Here at our CUSEF blog, we share news, updates and stories about China and the United States. We provide more than a cursory glimpse of what’s going on between the two powers - here, we offer an in-depth look into their current state of affairs.

CUSEF Express

CUSEF Express - January 9, 2023

2023-01-09
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China reopens

  • Travelers rushed into China as the country ended its quarantine requirement on Sunday. In many cities, the COVID tsunamis are weakening as most people have recovered from the disease. However, the infections could remain high for weeks as the virus spread into city outskirts and rural areas. Countries are still cautious about the expected wave of inbound travelers from China, with Portugal imposing restrictions on passengers from China after the EU issued its recommendation and Thailand resuming COVID requirements for arrivals by airplane.

  • Global markets welcome the significant step exiting zero-COVID, with stocks rising on Friday. Back in late last year, the reopening expectation had boosted the outlook of China’s economy in 2023. OECD forecasted a 4.6% of real GDP growth in China next year. Nikkei Asia and Economic Intelligence Unit (EIU) said the growth would be 4.7% and 5.2%. Morgan Stanley foresaw an even more sanguine 2023 with a 5.4% of economic expansion, while J.P. Morgan’s prediction was 4.3% and Goldman Sachs’s 4.5%. Economists also see Hong Kong’s economic growth as likely to outperform Singapore in 2023.

U.S. reduces Taiwan Strait transits

  • The number of U.S. naval transits through the Taiwan Strait last year was the lowest since 2018, Bloomberg found. U.S. warships only sailed through the strait nine times in 2022, compared with 12 in 2021, 13 in 2020, and 10 in 2019. Meanwhile, the Chinese military sent around 1,700 warplanes into the “air-defense identification zone” (ADIZ) claimed by Taipei last year. The so-called ADIZ was drawn according to the “Taiwan Strait median line.” Beijing sees the “ADIZ” as illegal and does not acknowledge the “median line.”

U.S., Japan launch task force on labor standards

  • The U.S. and Japan agreed to launch a Task Force on the Promotion of Human Rights and International Labor Standards in Supply Chains. United States Trade Representative (USTR) Katherine Tai and Japanese Minister for Economy, Trade, and Industry Nishimura Yasutoshi signed a Memorandum of Cooperation (MOC) on Friday. "We must address forced labor at each stage of our supply chains," the USTR said. "Whether it's the cotton in the clothes we wear or metals in the cars we drive, such abuses threaten to undermine the very foundations of our system." China, accused by some countries of alleged human rights abuses in Xinjiang, is seen as the primary target of the task force. Tai also said the two countries would invite others to join the effort.

McCarthy became Speaker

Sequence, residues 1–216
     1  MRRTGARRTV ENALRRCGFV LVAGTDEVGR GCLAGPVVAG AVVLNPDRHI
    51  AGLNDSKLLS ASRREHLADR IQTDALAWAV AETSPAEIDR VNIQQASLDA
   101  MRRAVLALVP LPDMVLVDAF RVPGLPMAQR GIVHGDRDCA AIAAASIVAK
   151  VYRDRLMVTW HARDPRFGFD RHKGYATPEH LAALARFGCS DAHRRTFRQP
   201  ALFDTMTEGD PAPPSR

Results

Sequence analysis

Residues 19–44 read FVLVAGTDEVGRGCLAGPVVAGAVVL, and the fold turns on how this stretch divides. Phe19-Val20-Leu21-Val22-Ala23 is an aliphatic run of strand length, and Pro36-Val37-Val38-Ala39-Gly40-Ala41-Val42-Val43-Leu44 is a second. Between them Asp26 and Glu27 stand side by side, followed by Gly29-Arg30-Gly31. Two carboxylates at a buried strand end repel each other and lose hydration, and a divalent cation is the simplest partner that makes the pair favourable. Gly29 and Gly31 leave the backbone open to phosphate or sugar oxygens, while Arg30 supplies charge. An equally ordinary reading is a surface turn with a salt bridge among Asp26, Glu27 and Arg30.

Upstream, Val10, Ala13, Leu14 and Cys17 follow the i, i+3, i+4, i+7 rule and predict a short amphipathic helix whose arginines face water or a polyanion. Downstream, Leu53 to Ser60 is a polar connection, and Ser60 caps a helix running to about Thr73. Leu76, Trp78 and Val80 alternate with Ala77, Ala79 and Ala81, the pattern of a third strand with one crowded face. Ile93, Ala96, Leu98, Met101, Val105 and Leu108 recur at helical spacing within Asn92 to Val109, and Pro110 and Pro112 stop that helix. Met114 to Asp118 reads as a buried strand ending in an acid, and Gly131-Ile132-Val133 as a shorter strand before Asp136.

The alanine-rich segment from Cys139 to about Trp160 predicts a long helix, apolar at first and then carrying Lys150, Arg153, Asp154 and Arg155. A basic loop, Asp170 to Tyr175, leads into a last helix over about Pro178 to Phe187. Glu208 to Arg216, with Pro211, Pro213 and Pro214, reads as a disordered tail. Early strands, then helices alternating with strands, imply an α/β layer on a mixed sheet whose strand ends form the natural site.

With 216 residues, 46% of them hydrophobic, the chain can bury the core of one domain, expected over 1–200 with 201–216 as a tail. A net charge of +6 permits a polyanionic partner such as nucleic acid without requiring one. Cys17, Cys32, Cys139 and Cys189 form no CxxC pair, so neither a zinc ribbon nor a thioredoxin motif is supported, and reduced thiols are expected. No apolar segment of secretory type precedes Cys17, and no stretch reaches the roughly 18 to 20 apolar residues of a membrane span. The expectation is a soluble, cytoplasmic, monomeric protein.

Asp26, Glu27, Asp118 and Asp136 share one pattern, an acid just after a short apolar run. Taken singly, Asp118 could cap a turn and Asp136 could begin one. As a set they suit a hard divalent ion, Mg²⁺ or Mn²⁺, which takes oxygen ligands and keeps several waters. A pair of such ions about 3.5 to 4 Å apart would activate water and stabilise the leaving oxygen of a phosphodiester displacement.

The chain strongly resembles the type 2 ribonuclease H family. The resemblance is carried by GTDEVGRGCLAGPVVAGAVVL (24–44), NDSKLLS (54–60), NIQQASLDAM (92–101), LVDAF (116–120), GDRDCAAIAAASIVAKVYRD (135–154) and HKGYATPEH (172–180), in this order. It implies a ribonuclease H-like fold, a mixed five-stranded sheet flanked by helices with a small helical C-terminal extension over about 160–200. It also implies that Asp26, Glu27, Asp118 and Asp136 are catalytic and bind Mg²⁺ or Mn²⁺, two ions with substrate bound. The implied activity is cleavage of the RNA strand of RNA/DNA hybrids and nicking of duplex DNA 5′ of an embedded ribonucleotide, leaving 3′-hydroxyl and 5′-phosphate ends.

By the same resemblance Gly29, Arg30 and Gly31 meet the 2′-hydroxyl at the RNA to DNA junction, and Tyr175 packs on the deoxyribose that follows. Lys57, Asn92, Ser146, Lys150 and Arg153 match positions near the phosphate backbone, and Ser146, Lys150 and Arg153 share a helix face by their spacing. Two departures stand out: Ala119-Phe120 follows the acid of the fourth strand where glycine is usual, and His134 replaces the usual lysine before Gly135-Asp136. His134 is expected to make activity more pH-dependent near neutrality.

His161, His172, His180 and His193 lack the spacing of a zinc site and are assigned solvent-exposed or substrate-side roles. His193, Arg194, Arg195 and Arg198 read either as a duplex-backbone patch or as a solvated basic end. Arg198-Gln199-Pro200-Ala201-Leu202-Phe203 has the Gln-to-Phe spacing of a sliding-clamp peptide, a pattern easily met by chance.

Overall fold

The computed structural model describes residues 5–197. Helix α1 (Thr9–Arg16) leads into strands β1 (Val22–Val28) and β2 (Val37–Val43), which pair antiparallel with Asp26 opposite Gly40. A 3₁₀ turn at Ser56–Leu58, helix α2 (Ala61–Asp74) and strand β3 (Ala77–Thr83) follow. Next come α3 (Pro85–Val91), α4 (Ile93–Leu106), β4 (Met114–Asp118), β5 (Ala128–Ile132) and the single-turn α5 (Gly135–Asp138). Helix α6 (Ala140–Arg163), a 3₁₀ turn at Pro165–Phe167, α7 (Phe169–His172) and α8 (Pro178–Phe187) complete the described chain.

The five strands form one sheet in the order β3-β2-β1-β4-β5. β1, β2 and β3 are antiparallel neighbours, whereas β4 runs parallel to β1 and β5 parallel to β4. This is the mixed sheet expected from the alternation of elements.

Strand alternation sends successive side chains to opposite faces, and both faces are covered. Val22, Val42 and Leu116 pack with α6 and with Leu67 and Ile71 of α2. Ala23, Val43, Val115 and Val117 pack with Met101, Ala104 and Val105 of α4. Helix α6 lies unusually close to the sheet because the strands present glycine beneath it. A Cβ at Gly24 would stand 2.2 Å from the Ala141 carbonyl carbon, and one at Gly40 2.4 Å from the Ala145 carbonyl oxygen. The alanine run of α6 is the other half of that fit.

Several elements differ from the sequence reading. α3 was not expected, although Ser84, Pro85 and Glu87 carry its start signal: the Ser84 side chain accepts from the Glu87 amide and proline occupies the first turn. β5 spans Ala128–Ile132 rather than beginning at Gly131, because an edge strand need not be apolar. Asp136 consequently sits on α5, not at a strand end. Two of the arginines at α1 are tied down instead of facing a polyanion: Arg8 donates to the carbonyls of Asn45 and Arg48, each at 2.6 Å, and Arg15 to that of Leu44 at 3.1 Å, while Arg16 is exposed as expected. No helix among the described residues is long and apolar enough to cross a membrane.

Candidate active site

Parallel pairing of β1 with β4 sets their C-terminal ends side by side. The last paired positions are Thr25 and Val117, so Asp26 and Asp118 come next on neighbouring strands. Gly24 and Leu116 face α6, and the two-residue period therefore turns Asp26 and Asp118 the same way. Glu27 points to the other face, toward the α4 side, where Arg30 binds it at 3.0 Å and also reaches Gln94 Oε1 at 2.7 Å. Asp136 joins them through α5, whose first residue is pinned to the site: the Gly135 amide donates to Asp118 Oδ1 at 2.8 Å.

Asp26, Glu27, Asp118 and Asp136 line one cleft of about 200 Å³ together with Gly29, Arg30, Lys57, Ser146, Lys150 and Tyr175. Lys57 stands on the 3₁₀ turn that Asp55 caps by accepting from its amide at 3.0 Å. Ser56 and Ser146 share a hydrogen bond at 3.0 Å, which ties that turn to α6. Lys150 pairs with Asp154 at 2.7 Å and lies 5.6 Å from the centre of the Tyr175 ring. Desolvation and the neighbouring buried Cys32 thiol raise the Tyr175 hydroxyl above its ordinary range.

• Rep. Kevin McCarthy (R-CA) became U.S. House Speaker with 216 votes after six republicans gave up voting in the 15th ballot, reducing the number of votes cast to 428. McCarthy and his allies successfully flipped 10 Representatives on the last day of voting.

  • Four of those who did not vote for McCarthy were among the five most outspoken lawmakers against McCarthy’s speakership. The remaining key McCarthy critic Rep. Ralph Norman (R-SC) changed his stance to support McCarthy after reaching a deal on a federal spending cut. The other two who did not vote in the last round were Rep. Lauren Boebert (R-CO) and Rep. Eli Crane (R-AZ). On Tuesday, Boebert told Fox News that McCarthy "smugly refused" her “common sense” proposals on border security and term limits. The 43-year-old Crane is a freshman in Congress.

  • All these six Representatives are members of the Freedom Caucus, the most conservative bloc of House Republicans, and voted to change the result of the 2020 presidential election. Except for Andy Biggs (R-AZ), all of them were endorsed by Trump in last year’s mid-term elections.

Jan.6 déjà vu in Brazil

  • The Brazilian government arrested at least 200 people and put down the riots in the country’s government office. Thousands of supporters of the far-right former President Jair Bolsonaro stormed Congress, the presidential palace, and the supreme court on Sunday to protest Bolsonaro’s loss in the election. The scenes were similar to the Jan.6 attack at Capitol Hill in 2021. Luiz Inácio Lula da Silva, a left-wing political veteran, defeated Bolsonaro and became president on January 1.

Commentaries of the day

U.S. Foreign Policy: “If it keeps trying to defend everything, America will end up defending nothing.” Stephen Wertheim with Carnegie Endowment for International Peace (CEIP) warned.

Middle East: Brookings scholar Ryan Hass explored why President Biden took a measured approach to China’s active diplomacy in Middle East.

Question & Answer

  • Here is today’s question: How have China’s COVID restrictions shaped China’s economic relations with the world (or your region)?

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